If a map is required simply to show the respective positions of streets and towns then an ordinary tourist map would suffice but artillery used a technique called "shooting off the map". In this the guns can be in a place hidden from view and hence they could not see their target, a map was set up on a plane (horizontal) table with a compass and the orientation and range to the target taken directly off the map. A 1mm error in a 1:20,000 artillery map would give a 20 metre error at the target in addition to other errors in shooting. The army also required accurate maps to show the logistic situation, whether a road could take one or two way traffic, carry heavy loads, be passable in flood conditions etc. It also required accurate height information so that it could be determined if a point was visible from another point or to take into account height for artillery.
A transcribed Great War document on maps for artillery and artillery boards is available here.
Q. Are trenches shown accurately?
A. Up to a point.
The first problem is that an accurate survey of the enemy trenches was not possible so maps had to be created and updated from aerial photographs. This is based on photogrammetry and other methods which come with their own set of errors.
The second problem was to transcribe the trench lines onto the lithographic plate used to print the maps. Various techniques were used but each contributes an error for every step in the process.
The final error was printing the maps, each colour was produced from a different
pass through the machine and each pass had to be registered with the base
map. Viewing the corners of a trench map can show whether this was achieved,
in quite a few cases it is several mm out of register. As 1mm on a 1:20,000
represented 20 metres on the ground, a 1mm registration error makes the whole
trench line 20 metres out of position.
Figure 2. Map corner showing poor registration of colour runs. This is very common on Great War maps and makes GPS positions of trench lines or other colour printed features far less accurate.
Q. Can the latitude and longitude figures printed on some of the map corners
be used in a GPS?
A. Not without changing GPS settings, even if available
It comes as surprise to many that a single point on earth can have dozens of different latitude and longitude values, it all depends on where the point is measured from, i.e. the datum or more correctly, the CRS, the Geodetic Reference System. Most people will assume that the Greenwich Observatory is zero degrees of longitude but that is not always the case. Some older maps are based on the Pantheon in Paris or the Observatory in Brussels so latitude and longitude values need to be converted. This conversion is not a trivial problem and is itself prone to error. Part of the problem comes from the use of a different "Figure of the Earth", i.e. the values for the size of the earth, there are many to choose from and different countries used different values. An additional problem is that sometimes the particular Figure of the Earth used was not published, it must be inferred. This means that some calculated GPS positions are not very accurate.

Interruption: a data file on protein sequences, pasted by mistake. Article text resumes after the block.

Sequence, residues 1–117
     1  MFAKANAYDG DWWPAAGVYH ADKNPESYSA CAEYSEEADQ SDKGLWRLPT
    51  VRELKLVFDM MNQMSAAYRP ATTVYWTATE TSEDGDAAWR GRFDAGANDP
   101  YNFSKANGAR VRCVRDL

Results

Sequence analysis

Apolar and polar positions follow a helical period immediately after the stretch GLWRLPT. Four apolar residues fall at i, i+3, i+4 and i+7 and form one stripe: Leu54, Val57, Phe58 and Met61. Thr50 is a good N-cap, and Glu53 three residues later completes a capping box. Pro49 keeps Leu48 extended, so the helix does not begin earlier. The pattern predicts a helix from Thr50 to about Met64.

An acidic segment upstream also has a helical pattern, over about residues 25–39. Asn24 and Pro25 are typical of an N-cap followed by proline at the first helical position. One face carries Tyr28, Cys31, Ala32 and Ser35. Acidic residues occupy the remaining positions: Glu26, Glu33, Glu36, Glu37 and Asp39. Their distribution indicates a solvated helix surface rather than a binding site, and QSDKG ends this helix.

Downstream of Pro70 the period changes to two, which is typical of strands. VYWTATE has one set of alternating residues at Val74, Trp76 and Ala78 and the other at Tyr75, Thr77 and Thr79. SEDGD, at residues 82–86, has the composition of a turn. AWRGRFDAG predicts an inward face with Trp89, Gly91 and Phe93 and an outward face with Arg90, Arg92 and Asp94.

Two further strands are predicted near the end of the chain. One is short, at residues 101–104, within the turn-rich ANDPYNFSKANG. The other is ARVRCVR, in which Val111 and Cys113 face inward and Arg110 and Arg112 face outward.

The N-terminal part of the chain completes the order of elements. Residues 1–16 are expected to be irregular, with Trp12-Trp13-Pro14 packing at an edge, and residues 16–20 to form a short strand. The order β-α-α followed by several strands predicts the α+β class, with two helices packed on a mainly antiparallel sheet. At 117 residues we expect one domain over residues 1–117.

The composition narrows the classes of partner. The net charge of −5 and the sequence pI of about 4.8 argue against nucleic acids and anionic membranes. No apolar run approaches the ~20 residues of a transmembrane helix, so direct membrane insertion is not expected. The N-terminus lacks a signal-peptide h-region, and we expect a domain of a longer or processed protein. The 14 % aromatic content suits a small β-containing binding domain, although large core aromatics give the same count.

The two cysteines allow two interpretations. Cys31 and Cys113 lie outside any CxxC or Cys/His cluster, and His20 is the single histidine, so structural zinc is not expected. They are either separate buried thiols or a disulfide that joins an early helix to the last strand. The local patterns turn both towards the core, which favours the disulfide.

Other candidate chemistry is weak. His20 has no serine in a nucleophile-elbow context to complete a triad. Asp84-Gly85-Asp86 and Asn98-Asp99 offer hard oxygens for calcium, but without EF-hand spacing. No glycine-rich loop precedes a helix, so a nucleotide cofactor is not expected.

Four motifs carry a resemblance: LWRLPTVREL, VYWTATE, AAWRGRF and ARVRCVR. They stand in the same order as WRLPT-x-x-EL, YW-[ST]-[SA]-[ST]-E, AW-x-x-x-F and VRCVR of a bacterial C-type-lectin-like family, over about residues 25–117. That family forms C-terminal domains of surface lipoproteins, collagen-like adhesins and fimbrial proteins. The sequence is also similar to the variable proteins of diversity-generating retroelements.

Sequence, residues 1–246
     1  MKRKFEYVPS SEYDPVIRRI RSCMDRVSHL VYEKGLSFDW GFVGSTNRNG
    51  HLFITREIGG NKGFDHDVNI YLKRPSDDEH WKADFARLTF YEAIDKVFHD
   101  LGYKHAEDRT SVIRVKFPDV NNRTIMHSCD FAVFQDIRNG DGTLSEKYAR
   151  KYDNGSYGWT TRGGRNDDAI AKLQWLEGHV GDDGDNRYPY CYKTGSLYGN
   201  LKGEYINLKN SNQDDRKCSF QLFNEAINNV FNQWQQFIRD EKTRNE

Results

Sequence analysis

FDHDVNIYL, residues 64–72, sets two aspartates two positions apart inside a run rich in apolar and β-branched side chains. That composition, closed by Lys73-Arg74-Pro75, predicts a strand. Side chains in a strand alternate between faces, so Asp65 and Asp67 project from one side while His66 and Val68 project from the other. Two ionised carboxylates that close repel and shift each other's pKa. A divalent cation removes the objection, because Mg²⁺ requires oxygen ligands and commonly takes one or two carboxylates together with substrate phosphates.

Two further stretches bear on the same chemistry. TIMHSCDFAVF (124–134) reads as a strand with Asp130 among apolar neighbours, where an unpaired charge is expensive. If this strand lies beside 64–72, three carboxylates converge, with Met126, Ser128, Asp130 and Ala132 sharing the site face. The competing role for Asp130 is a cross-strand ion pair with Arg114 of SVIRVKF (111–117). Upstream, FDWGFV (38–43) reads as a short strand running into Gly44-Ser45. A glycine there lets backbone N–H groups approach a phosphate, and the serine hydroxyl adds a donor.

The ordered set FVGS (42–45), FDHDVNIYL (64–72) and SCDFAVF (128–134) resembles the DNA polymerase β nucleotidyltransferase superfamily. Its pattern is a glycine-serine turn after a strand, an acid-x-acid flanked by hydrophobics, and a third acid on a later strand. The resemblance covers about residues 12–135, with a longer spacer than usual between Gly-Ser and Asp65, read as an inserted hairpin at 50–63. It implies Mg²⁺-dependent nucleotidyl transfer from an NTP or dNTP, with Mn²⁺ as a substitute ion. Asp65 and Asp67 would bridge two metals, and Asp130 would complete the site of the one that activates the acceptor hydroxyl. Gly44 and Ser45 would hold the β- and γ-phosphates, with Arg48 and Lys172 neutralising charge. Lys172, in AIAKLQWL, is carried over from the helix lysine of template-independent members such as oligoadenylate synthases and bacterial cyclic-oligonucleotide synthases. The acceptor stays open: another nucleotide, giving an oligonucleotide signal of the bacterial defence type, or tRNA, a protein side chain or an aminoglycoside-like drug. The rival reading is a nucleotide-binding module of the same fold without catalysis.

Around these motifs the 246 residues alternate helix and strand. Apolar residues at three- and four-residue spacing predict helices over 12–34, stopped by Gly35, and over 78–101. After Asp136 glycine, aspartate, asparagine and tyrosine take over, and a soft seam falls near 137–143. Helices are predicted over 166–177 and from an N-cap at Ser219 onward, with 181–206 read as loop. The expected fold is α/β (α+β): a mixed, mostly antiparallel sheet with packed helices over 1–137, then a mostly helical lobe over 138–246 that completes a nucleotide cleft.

GPS by default uses a datum (called WGS84) that does not accurately align
with the Greenwich meridian. If you go to Greenwich you will find you need
to stand about 109 metres East of the Greenwich meridian to make your GPS
longitude read zero. In the extreme case, even WGS84 coordinates will lose
their accuracy owing to plate tectonic movements so WGS84 is updated periodically
to take this into account, new position values will be "accurate"
when they are made but older values will become less accurate in time. To
avoid the need to continually update position values, a datum for Europe (or
rather the European tectonic plate) was defined using 1989 as the original
date and is called ETRS89, The European Terrestrial Reference Frame. In 1989,
WGS84 and ETRS89 points were identical. Truly accurate positions in Europe
are therefore given as ETRS89 values. However, for an everyday use such as
finding points on a trench map, ETRS89 and WGS84 can be considered to be the
Figure 3. Latitude and Longitude shown at Great War map corner, here as Grades not degrees.
The trench map reference converter on this site uses very sophisticated mathematics to convert to WGS84 coordinates. See the converter on the main page.
Q. The British Army maps were based on yards, does this cause a problem?
When the war started the best maps available were from Belgium, the British surveyors were not aware of the excellent French Plan Directeur 1:20,000 series maps or used them very little. To create a grid covering both France and Belgium, the Belgian maps were set out on a large floor all joined together and the sheet lines extended into France, hence the added letter in some sheets, sheet 51A in France to the West of sheet 51 in Belgium etc. A problem arose from a misunderstanding, the map makers assumed the artillery had to use yard based tables so they superimposed a yard based grid on the metre based Belgian sheet lines. That means that at sheet boundaries the yard based grid and metre based sheet lines do not match. See page on the history of British mapping and how to read read a trench map.